Thanks for the help guys.
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#7
diabillic

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I figured as much, no real way to do that. It would be incredibly insecure, as dsenette said. If your having any other issues, please follow up.
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#8
pr0n

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funny you ask I had planned on closing this chapter here but I talked to my ISP. I'm going to provide them with some packet sniffing captures but really all they can do is send nasty letters to other ISPs they have no filtering capability.

So here's my options I'd like to know what you guys think
1: change statics
---con: pain in the [bleep]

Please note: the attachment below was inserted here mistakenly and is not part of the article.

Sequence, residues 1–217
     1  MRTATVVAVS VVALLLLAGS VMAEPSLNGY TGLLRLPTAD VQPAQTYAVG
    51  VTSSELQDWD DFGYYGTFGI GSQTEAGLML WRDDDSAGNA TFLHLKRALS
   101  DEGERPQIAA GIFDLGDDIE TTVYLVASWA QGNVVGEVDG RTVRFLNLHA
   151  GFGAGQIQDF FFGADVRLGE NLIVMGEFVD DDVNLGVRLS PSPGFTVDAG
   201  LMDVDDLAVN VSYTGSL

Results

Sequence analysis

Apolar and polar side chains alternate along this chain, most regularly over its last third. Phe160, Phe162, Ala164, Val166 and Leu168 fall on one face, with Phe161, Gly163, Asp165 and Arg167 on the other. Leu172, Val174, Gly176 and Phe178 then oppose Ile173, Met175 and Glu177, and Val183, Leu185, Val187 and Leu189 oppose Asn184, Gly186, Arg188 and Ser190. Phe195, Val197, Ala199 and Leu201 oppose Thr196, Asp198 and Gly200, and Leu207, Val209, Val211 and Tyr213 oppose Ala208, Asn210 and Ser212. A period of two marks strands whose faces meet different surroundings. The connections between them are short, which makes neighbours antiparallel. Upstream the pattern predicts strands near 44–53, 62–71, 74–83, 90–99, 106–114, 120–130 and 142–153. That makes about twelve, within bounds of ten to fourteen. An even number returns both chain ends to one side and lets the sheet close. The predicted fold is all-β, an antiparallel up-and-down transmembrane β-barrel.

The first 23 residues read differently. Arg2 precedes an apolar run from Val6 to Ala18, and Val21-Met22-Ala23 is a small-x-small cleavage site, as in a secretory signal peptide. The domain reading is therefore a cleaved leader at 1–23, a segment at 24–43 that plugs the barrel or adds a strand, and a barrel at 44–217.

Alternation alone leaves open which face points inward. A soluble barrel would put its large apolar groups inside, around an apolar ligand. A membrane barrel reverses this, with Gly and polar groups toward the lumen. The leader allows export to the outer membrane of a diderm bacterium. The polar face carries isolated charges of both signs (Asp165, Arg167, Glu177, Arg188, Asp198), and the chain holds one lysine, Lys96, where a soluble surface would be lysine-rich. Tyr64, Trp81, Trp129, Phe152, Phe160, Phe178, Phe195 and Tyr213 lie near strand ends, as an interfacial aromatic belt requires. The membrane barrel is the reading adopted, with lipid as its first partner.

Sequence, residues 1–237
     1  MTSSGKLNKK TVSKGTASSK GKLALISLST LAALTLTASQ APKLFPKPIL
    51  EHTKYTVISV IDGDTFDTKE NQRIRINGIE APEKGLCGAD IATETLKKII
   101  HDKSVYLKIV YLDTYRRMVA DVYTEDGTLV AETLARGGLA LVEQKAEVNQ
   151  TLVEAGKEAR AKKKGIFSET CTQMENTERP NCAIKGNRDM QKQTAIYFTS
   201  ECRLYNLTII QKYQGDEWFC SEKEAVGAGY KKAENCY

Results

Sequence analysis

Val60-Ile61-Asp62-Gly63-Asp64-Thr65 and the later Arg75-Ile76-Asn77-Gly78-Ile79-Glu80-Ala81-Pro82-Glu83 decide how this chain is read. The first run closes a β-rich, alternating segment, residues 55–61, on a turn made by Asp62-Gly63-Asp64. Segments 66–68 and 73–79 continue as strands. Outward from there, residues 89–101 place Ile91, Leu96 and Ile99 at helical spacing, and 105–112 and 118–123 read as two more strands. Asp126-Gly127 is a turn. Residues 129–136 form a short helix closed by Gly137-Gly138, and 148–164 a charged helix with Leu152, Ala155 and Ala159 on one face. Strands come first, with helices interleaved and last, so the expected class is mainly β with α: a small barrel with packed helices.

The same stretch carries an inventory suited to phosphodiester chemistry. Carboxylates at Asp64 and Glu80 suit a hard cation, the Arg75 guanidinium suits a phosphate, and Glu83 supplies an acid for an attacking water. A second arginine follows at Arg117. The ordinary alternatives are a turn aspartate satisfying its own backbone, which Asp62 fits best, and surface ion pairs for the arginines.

---con: probably won't work with the amount of FQDNs that are tied to this IP they wouldn't have trouble finding us again
2: spend some ridiculous amount of money on a modem with a built in firewall that can handle this kind of traffic
---con:I'm not sure if this exists in cable modem form. I haven't done any research on it. asside from that I already have a fairly new motorola DOCSIS 3.0 modem that at times dies from the flood and requires a reboot.

Doing estimated math in my head average average packet size of 128 bytes and judging by the fact that my packet sniffer is dropping a lot of the packets and many of them are getting dropped at the modem, we're probably getting about 50-100 million or more packets pushed to us over the course of less than a minute. I'm not sure NASA has a computer that can handle this. But in reality I'd just like to know if there's a way to fix this without spending 2-3 grand on a Cisco cable modem which would not even be DOCSIS 3

Edited by pr0n, 18 April 2010 - 01:23 AM.

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#9
diabillic

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Even Cisco equipment wouldnt help you unless its configured properly. A suggestion would be is to change ISP's if they cant get anywhere, at least all the ddos traffic will be hitting the wrong IP now :)